Altitude Correction Table for Wine Cellar Cooling Systems

If you live in a place like Vail or Park City, you already know that HVAC/R equipment has special requirements because of the altitude.

The same goes for wine cellar refrigeration equipment.  That’s why we asked our engineer to create a table that lists the correction factors for our cooling units at diffierent altitudes, listed below.

To use the table, multiply the BTUH correction factor times the CellarPro cooling unit BTUH to get the adjusted BTUH capacity.  Then, compare the adjusted BTUH vs the thermal load of your cellar.  If the cooling unit’s adjusted BTUH is greater than the peak thermal load, you should be all set!

Summary

The performance of mechanical cooling systems will be negatively impacted as altitudes increase because of reduced airflow. In the table below, we provide correction factors for airflow and BTUH at various altitudes – these correction factors should be applied when sizing our cooling systems. Please contact us for more information.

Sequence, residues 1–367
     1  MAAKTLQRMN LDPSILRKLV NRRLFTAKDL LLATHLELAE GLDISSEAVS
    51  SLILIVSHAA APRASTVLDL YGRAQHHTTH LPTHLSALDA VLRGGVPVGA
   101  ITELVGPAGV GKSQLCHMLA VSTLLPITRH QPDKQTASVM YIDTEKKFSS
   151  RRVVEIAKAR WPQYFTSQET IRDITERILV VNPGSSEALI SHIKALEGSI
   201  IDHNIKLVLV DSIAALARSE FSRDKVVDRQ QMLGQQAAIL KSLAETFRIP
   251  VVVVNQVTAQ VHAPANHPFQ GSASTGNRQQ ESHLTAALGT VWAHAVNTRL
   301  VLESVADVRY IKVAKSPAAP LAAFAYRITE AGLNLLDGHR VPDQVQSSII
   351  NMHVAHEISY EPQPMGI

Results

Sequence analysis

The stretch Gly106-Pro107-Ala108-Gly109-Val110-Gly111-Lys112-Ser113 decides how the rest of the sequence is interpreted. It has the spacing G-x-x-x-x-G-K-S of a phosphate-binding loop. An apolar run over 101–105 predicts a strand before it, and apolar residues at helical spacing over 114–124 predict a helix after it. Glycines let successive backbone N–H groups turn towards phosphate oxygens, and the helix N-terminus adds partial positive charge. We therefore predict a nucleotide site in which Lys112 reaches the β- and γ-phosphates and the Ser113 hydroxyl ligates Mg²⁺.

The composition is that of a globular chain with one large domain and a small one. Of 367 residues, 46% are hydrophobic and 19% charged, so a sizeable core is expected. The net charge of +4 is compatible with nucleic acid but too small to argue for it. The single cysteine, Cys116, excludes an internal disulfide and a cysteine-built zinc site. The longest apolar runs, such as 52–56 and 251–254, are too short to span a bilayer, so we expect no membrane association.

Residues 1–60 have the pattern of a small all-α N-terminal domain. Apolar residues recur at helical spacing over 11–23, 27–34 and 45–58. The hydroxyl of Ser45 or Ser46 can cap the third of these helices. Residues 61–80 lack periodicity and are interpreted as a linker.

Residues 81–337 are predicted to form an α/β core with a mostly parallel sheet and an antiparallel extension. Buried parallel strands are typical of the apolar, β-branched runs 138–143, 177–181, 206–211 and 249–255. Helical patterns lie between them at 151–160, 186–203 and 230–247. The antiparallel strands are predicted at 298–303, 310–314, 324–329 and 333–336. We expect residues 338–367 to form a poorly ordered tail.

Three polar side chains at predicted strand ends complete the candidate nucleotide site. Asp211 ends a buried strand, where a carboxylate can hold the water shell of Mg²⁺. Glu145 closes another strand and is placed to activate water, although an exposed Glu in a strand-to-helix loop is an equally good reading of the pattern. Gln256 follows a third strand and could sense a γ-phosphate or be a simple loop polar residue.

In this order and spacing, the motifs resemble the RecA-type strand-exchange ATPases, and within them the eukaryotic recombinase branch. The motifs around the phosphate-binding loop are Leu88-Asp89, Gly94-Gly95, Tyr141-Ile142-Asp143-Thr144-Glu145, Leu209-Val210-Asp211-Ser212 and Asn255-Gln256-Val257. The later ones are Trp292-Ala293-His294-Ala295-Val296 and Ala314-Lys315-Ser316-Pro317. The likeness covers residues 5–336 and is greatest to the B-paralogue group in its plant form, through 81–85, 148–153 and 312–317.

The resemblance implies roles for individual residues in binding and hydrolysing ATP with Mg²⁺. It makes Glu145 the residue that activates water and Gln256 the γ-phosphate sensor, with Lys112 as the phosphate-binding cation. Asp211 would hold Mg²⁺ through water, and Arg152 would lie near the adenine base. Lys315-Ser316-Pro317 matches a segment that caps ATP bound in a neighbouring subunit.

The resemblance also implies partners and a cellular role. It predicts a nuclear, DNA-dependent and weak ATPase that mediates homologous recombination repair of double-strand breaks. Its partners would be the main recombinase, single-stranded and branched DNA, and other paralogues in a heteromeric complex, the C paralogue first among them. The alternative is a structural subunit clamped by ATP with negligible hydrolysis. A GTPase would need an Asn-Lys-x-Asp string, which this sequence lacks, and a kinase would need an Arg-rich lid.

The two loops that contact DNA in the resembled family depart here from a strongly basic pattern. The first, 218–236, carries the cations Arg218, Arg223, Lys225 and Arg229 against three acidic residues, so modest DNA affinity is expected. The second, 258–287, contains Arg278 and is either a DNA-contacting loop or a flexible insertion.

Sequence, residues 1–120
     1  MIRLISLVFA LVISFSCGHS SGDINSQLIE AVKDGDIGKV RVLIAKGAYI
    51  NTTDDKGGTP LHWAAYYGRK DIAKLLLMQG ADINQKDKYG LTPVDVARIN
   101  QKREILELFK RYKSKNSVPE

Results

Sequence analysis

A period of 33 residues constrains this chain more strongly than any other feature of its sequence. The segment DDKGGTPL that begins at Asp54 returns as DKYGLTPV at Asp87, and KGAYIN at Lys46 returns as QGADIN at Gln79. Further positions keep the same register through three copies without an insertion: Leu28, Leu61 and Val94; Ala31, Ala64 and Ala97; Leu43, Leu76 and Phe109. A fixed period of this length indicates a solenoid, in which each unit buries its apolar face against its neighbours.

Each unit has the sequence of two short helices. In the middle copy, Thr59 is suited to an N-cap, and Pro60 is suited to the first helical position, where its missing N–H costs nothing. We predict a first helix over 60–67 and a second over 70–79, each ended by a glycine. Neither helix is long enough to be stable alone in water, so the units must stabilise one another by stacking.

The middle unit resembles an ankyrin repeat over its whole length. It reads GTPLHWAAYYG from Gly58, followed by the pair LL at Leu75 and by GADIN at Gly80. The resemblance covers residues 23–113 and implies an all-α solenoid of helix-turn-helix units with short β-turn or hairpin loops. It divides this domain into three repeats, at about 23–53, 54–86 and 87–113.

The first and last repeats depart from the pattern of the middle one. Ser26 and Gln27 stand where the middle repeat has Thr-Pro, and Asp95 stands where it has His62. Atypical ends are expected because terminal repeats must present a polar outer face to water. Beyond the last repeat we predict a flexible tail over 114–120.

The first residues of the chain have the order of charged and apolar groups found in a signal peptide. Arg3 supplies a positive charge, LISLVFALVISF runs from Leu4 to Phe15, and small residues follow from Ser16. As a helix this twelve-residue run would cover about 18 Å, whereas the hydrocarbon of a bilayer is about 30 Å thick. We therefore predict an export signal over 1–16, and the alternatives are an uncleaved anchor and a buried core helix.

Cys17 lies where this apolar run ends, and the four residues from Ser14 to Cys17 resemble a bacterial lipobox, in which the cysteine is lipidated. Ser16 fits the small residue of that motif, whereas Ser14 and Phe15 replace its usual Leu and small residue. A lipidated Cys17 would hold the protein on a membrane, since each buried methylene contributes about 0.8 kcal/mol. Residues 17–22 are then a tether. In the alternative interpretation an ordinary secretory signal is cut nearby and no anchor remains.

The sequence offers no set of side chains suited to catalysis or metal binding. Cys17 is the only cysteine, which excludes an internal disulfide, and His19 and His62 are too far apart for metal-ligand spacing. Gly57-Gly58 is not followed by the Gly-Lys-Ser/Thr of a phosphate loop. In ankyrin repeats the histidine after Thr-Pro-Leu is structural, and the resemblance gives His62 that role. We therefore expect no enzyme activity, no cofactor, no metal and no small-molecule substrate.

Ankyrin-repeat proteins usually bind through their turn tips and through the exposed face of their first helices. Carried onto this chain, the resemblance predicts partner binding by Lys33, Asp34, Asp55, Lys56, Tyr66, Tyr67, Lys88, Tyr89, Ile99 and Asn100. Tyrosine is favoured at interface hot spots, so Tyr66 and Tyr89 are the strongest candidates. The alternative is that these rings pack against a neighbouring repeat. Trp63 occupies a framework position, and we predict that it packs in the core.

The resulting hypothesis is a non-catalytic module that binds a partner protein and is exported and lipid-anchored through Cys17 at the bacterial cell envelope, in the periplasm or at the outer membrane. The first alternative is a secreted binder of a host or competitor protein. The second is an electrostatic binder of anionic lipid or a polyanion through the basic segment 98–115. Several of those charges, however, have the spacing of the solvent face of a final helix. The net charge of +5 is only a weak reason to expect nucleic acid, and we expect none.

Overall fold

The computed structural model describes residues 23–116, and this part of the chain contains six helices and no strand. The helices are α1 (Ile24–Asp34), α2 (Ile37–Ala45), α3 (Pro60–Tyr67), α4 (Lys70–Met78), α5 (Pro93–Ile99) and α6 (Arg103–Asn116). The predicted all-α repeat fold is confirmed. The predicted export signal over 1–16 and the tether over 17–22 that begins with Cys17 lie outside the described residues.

Altitude Correction Table (1)

Altitude (Feet) Airflow Correction Factor BTUH Correction Factor
1,000 0.98 1.00
2,000 0.95 0.99
3,000 0.93 0.98
4,000 0.91 0.97
5,000 0.89 0.96
6,000 0.87 0.95
7,000 0.85 0.94
8,000 0.81 0.93

(1) As altitudes increase, fans will produce reduced airflow, causing the cooling unit to be less efficient on both ends of the cooling system. On the cold side, the SST (saturated suction temperature) will be lower than optimal, and on the hot side, the SCT (saturated condensing temperature) will be higher than optimal – in both cases, the cooling unit’s performance will be diminished according to the correction factors listed above..

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